The glenoid cavity or glenoid fossa of scapula is a part of the shoulder. It is a shallow, pyriform articular surface, located on the lateral angle of the scapula, it articulates with the head of the humerus. This cavity forms the glenohumeral joint along with the humerus; this type of joint is classified as a synovial and socket joint. The humerus is held in place within the glenoid cavity by means of the long head of the biceps tendon; this tendon originates on the superior margin of the glenoid cavity and loops over the shoulder, bracing humerus against the cavity. The rotator cuff reinforces this joint more with the supraspinatus tendon to hold the head of the humerus in the glenoid cavity; the cavity surface is covered with cartilage in the fresh state, its margins raised, give attachment to a fibrocartilaginous structure, the glenoid labrum, which deepens the cavity. This cartilage is susceptible to tearing; when torn, it is most known as a SLAP lesion, caused by repetitive shoulder movements.
Compared to the acetabulum the glenoid cavity is shallow. This makes the shoulder joint prone to dislocation. Strong glenohumeral ligaments and muscles prevents dislocation in most cases. By being so shallow the glenoid cavity allows the shoulder joint to have the greatest mobility of all joints in the body, allowing 120 degrees of unassisted flexion. Additional range of motion in shoulder flexion is accomplished by the great mobility of the scapula through a process known as scapulohumeral rhythm. Interpretations of the fossil remains of Australopithecus africanas and A. afarensis suggest that the glenoid fossa was oriented more cranially in these species than in modern humans. This reflects the importance of overhead limb postures and suggests a retention of arboreal adaptations in these hominoid primates, whereas the lateral orientation of the glenoid in modern humans reflects the typical lowered position of the arm. In dinosaurs the main bones of the pectoral girdle were the scapula and the coracoid, both of which directly articulated with the clavicle.
The place on the scapula where it articulated with the humerus is called the glenoid. The glenoid is important. Glenopolar angle This article incorporates text in the public domain from page 207 of the 20th edition of Gray's Anatomy Larson, Susan G.. "Evolution of the Hominin Shoulder: Early Homo". In Grine, Frederick E.. The First Humans – Origin and Early Evolution of the Genus Homo. Springer. Doi:10.1007/978-1-4020-9980-9. ISBN 978-1-4020-9979-3. ANATOMY & PHYSIOLOGY: THE UNITY OF FORM AND FUNCTION, SIXTH EDITION Published by McGraw-Hill Written by Kenneth Saladin http://www.ucsfhealth.org/conditions/glenoid_labrum_tear/index.html Diagram at cerrocoso.edu Anatomy figure: 03:02-07 at Human Anatomy Online, SUNY Downstate Medical Center Mechanics of Glenohumeral Instability at University of Washington Department of Orthopaedics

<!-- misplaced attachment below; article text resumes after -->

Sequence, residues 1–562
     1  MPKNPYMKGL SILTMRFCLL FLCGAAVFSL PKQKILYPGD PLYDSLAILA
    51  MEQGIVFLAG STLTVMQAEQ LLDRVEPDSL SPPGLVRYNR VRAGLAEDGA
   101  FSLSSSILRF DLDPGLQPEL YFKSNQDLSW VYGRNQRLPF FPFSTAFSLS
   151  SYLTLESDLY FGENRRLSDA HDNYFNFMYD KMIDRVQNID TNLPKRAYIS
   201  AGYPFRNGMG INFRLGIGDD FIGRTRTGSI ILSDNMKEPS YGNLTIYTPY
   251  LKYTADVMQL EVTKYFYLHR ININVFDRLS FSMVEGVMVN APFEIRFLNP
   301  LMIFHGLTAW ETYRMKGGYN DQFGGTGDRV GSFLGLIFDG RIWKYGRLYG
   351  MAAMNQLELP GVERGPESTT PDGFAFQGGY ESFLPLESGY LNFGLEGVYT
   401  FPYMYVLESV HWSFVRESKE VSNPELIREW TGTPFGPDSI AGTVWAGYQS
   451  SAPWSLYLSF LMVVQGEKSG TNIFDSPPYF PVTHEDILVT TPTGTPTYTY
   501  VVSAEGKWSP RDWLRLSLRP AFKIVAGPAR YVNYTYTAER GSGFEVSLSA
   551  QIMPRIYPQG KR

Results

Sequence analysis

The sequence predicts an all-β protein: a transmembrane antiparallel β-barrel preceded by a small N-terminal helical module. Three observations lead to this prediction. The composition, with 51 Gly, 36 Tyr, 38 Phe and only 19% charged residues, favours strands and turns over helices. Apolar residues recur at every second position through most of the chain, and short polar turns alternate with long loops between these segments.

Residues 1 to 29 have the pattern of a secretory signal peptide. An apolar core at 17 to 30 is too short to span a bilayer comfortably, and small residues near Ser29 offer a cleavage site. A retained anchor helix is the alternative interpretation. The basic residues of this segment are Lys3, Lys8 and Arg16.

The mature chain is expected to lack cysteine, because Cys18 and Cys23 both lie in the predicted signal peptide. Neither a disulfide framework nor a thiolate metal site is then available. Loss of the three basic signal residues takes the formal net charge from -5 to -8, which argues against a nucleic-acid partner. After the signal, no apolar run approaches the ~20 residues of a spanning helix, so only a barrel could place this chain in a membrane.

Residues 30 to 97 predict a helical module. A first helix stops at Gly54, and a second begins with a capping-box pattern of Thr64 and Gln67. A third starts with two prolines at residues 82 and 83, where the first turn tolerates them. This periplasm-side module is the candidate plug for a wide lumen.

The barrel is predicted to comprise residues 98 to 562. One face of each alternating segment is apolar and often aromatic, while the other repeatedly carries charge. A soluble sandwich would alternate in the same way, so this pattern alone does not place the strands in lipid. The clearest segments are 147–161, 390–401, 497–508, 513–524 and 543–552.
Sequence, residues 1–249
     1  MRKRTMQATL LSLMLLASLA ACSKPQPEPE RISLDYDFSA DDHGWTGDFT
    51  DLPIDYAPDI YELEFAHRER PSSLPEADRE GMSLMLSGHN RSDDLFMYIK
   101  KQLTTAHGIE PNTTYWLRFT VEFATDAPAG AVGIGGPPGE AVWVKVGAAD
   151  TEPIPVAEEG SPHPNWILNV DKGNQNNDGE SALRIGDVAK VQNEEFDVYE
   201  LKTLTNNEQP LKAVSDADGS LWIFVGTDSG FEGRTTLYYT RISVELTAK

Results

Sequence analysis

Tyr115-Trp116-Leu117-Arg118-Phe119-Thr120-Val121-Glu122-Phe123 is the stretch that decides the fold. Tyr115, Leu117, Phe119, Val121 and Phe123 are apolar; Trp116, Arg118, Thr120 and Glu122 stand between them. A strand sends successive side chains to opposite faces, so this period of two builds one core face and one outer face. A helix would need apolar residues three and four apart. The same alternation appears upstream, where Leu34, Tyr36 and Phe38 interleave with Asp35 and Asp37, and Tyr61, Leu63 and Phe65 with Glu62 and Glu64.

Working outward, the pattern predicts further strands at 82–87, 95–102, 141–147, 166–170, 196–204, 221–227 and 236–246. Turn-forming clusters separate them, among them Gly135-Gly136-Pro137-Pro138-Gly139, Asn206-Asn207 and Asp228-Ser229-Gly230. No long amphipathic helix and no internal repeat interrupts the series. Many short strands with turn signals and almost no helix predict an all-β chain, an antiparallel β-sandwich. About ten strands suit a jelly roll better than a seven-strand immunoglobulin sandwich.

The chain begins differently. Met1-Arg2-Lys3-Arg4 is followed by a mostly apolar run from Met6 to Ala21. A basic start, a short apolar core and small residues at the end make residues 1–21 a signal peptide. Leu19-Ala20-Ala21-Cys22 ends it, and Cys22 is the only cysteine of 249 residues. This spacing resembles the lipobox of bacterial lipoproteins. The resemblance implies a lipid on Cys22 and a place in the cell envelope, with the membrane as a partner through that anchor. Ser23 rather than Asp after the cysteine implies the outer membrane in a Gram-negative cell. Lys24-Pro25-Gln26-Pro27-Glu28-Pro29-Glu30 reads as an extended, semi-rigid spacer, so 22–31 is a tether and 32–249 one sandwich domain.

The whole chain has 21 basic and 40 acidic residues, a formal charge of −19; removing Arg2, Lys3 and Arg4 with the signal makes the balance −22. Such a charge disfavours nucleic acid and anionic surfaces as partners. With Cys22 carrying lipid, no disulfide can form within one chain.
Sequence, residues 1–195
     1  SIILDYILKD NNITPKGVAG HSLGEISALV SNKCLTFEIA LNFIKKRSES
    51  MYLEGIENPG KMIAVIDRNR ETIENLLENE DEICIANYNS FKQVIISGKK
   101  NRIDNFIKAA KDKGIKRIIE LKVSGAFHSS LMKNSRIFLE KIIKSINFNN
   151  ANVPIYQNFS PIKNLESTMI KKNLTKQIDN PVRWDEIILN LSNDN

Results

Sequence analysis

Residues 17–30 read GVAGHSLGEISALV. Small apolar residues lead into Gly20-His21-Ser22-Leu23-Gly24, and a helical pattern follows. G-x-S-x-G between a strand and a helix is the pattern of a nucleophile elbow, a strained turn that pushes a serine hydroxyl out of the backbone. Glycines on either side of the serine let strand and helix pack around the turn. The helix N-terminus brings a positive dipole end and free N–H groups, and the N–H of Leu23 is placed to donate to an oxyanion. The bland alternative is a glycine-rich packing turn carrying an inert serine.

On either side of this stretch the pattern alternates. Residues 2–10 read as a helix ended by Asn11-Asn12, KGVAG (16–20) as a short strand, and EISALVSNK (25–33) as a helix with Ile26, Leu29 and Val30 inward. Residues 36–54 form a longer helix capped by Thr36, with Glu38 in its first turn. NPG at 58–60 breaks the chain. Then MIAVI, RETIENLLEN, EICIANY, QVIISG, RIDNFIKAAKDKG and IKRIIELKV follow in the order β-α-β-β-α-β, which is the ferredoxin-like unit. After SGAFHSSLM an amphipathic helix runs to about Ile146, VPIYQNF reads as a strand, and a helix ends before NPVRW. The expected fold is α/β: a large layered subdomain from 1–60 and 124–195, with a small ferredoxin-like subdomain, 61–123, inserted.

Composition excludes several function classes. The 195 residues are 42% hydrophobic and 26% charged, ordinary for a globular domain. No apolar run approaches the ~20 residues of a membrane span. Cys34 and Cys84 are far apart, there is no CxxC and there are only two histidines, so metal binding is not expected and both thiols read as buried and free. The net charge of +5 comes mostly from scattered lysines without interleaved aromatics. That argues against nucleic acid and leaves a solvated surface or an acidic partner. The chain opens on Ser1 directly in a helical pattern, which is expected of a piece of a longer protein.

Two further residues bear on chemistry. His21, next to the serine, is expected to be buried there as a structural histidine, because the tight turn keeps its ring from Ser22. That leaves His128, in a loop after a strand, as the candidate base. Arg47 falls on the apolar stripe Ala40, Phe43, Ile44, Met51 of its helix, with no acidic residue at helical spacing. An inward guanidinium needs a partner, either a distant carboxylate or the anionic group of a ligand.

A joint or articulation is the connection made between bones in the body which link the skeletal system into a functional whole. They are constructed to allow for different types of movement; some joints, such as the knee and shoulder, are self-lubricating frictionless, are able to withstand compression and maintain heavy loads while still executing smooth and precise movements. Other joints such as sutures between the bones of the skull permit little movement in order to protect the brain and the sense organs; the connection between a tooth and the jawbone is called a joint, is described as a fibrous joint known as a gomphosis. Joints are classified both functionally. Joints are classified structurally and functionally. Structural classification is determined by how the bones connect to each other, while functional classification is determined by the degree of movement between the articulating bones. In practice, there is significant overlap between the two types of classifications. Monoarticular – concerning one joint oligoarticular or pauciarticular – concerning 2–4 joints polyarticular – concerning 5 or more joints Structural classification names and divides joints according to the type of binding tissue that connects the bones to each other.
There are four structural classifications of joints: fibrous joint – joined by dense regular connective tissue, rich in collagen fibers cartilaginous joint – joined by cartilage. There are two types: primary cartilaginous joints composed of hyaline cartilage, secondary cartilaginous joints composed of hyaline cartilage covering the articular surfaces of the involved bones with fibrocartilage connecting them. Synovial joint – not directly joined – the bones have a synovial cavity and are united by the dense irregular connective tissue that forms the articular capsule, associated with accessory ligaments. Facet joint – joint between two articular processes between two vertebrae. Joints can be classified functionally according to the type and degree of movement they allow: Joint movements are described with reference to the basic anatomical planes. Synarthrosis – permits little or no mobility. Most synarthrosis joints are fibrous joints. Amphiarthrosis – permits slight mobility. Most amphiarthrosis joints are cartilaginous joints.